and spluttering, before saying things hurriedly,
and running off, but I told you about
this place, where I’ve provoked, moved, admired and
liked people, and when you read this,
you’ll know why I left short-lived flawed togetherness,
and left you staring at my back, breaking your heart
the right way.

© Nitin Lalit Murali (2019)

For Alisha

This is an image of a moody landscape. I've chosen it to convey grief which is a central theme my poem revolves around

Walking past these headstones,
in this churchyard, I kneel, look back
at the little Presbyterian prayer
hall you used to frequent,
pristine white, with blue-cushioned pews,
its simple beige altar, grey steeple, little cross,
and a miasma of nostalgia seems rise from
the architecture, slowly creeping towards me,
the twilight complementing it. I read your epitaph,
“I’m grateful, and content now, as I was when I walked,”
it says, and I choke, holding back tears
because it’s true, I remember you holding
my hand when I was utterly despondent,
finding no beauty even in the simple things
like a cup of coffee, or a stroll in a picturesque
park with marble statuettes, or the photographs
we took of that crimson horned pheasant with its breast
like a red satin cloth embossed with little white
raindrops, you said, “Remember we’ll always
have each other, and I’ll walk with you, even if
we’re trapped in this prison maze of regret,” and that
was enough reason for me to start seeing
again. And it wasn’t something without, it
was a breathtaking, inner waltz of emotion
I got a glimpse of, warmth, and kindness
turning round and round on the floor of passion.
I felt it, so intense, and I can only call it love.
You fought a war with fate, refused bending
and bowing, rejected servitude, and stood strong,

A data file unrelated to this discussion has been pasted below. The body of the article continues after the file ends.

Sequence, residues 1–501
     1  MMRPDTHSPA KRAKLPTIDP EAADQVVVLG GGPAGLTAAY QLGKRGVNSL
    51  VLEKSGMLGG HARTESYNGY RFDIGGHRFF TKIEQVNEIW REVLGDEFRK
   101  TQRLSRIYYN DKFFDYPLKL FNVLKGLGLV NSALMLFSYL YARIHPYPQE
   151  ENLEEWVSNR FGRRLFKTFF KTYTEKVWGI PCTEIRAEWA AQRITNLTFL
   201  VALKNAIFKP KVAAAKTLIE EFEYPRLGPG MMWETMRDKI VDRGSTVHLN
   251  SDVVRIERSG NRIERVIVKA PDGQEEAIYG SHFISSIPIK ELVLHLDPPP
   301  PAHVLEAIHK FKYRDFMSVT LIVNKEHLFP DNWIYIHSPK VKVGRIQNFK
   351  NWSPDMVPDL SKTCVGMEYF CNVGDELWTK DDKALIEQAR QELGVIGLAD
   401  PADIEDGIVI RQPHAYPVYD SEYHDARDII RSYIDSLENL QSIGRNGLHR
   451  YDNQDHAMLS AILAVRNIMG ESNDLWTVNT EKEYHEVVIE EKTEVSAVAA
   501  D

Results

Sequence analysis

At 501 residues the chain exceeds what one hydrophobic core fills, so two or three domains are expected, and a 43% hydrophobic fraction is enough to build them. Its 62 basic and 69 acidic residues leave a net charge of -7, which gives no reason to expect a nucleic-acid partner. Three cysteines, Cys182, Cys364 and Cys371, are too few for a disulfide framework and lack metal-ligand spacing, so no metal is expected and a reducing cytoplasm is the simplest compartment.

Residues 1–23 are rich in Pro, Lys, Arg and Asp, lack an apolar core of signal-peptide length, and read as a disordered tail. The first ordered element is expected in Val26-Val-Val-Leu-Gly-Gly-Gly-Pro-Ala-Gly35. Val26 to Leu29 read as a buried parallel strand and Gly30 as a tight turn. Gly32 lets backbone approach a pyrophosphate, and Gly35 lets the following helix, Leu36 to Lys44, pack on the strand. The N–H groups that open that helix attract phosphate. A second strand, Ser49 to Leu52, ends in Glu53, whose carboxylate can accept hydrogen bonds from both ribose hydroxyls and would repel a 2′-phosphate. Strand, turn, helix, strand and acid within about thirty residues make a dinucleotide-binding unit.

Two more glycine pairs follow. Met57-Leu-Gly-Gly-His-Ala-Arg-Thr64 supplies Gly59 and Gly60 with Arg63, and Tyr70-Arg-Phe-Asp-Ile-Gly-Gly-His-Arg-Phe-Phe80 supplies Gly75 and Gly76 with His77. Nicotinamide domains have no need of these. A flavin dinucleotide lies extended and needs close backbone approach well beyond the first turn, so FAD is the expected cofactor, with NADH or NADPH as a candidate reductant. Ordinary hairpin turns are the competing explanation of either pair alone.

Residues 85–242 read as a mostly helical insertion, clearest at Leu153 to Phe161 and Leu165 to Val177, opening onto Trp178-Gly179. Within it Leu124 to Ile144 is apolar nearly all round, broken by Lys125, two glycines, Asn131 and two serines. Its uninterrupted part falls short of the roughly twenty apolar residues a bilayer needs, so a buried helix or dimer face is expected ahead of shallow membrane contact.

and you still do, maybe not as something tangible,
but as an indomitable essence, a force that helps me
carry on even though I pass illuminated billboards,
country houses, and alleyways imbued with poverty,
reeking from the potholes, and bits of scrap alone;
but I still come here when I’m weak, when I forget
to remember, and find myself trapped in a paperweight
of a haunted existence, the swirling mass threatening to
overwhelm me. I come here even though something within,
maybe a part of you says, “Let go, move on,”
because I’ve never loved anyone like I loved you,
with my very being, and as I clasp that stone now
and wet it with tears of anguish, the cold, icy droplets
of Pyrrhic victory, leaking from a hypothermic
soul who longs for the fever of yesterday’s touch,
I want you…no,
I need you to know.

Originally published in aaduna’s 2016 Spring Issue

Three simple sonnets

This is an image of Constantine. I've used it because I've written three sonnets that revolve around him and the people associated with him.

A simple man

I saw a blazing sign in bloodless skies!
And so, I must obey! The shields they paint!
We won the war! I must erase the taint!
Both foolish men, and dirty pagan lies!
I fight for truth, and justice never cries
About men who hate blood and swoon and faint!
These idiots and their undue complaint!
But my son’s grief! That look! His sorrowed eyes!

No, I’ll not let inane fact govern me
And Licinius? Didn’t he warrant death?
They cheated Truth, they only claimed they’re mine
Now Jordan begs and I won’t let it be!
I must hear her and then that final breath!
I made the bloody sky and put my sign.

A simple law

I said he is immortal and I’m wrong
But didn’t he rescue us from tyranny?
If truth were told, he doesn’t need praise from me
But certainly, requires some potent song
And only fools attend the pagan’s throng!
The world is clearer now, can’t they all see!
But murder haunts my law and won’t let be!
I often wonder if he’s truly strong

My errors taught me I cannot revolt
Against raw power, all that does is kill
Poor Crispus, rebelling against the light
But look at him now hanging like a dolt!
Just for a horrid, thoughtless, carnal thrill
I said he is immortal and I’m right.

A simple truth

Is life a blessing or an awful curse?
I find a law in that inane, small phrase
As some say it is with each passing phase
when friends forsake, and painful wounds I nurse
I could allude, say that a hidden hearse
Awaits me; it was never truth that stays
That lifts anemic men to realms of praise
My name wasn’t written in ecstatic verse

I’ve tried to rage but dropped my fight to peace
I thought of love and looked at sparkling stars
I’m Crispus at the Emperor’s behest
What justice, fact is this? These thoughts don’t cease
And nothing changes that I’ve lost my wars
But no one answers the need for this test.

© Nitin Lalit Murali (2019)